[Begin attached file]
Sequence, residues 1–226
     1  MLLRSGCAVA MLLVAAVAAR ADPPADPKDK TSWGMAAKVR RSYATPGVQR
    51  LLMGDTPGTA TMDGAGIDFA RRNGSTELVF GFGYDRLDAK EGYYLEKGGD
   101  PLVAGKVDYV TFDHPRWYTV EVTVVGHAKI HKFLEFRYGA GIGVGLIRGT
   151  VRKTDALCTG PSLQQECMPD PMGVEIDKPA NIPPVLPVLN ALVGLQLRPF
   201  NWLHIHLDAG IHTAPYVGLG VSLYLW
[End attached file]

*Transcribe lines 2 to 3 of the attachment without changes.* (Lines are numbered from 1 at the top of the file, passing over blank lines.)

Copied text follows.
     1  MLLRSGCAVA MLLVAAVAAR ADPPADPKDK TSWGMAAKVR RSYATPGVQR
    51  LLMGDTPGTA TMDGAGIDFA RRNGSTELVF GFGYDRLDAK EGYYLEKGGD